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GSAP CHINA

CHINA: IN FLUX

Faculty:  Gary Paige + Guest Faculty TBA - paigegary@gmail.com

 

Program Description:

China: In Flux is a design research program that explores and analyzes the rapid urban transformations occurring in Asia. The site of our research will be the regions in and around Shanghai and Beijing, which, at 23.5 and 20.5 million people respectively, are not only the most populous cities in China but in the world.

 

 

ARCH 580 - Field Studies (4 units)

Close Readings: Beijing, Beisuzha, Nanjing, Shanghai

 

Schedule:        TBA

 

LAST YEAR'S Budget:           Regular Tuition Per Unit and

Flight                          $1,660

Housing                     $490-$700

Est. Food                    $350

Est. Personal             $350

 

Fieldwork Travel      $500

 

Total                           $2,350-$2,560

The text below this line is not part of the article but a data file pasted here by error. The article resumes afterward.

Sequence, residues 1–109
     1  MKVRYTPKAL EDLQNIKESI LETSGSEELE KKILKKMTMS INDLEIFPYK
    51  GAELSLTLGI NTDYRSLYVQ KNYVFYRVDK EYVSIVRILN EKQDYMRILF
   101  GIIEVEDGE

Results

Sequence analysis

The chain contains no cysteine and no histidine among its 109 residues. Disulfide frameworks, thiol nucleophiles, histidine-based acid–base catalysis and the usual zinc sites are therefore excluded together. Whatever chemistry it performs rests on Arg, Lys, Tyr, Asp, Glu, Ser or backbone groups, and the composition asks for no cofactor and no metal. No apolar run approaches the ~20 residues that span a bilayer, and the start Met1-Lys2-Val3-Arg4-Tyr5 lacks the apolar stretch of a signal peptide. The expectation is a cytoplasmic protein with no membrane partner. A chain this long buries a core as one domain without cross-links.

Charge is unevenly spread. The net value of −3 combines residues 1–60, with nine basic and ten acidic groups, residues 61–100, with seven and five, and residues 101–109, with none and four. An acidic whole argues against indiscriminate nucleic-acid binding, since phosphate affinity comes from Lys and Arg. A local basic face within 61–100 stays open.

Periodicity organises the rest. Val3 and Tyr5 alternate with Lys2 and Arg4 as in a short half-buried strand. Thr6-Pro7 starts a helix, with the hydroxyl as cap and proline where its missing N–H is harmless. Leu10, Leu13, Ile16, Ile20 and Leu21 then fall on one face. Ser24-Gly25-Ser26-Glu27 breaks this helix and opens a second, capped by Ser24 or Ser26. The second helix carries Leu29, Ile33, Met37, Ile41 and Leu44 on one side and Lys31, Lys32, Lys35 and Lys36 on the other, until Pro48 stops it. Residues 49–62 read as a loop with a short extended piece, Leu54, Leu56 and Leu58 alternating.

Description:

The focus of this travel/research workshop is to examine architectural typologies that are unique to the Chinese city. Several major cities and villages will be visited in order to analyze significant examples of courtyard and alley dwellings (hutong, siheyuan, and longtang). Additionally, we’ll visit the recently-opened Sifang Art Park in Nanjing as well as some of the leading architectural offices and art studios in each city including: Ai Weiwei/Fake Design, Yasong Ma/MAD Architects, Liu Yichun/Atelier Deshaus, Zhang Lei/AZL Architects, Robert Mangurian/Mary-Ann Ray/B.A.S.E, and others.

 

 

ARCH 402abc/605b/705: Design Research Studio (6 Units)

New Hybridities: Sampling Shanghai

 

Schedule:        TBA

 

LAST YEAR'S Budget:           Regular Tuition Per Unit and

 

Flight                          $1,660

Housing                     $1,300 - $1,820

Est. Food                    $1,300

Est. Personal             $1,300

 

Total                           $5,560-$6,080

 

Description: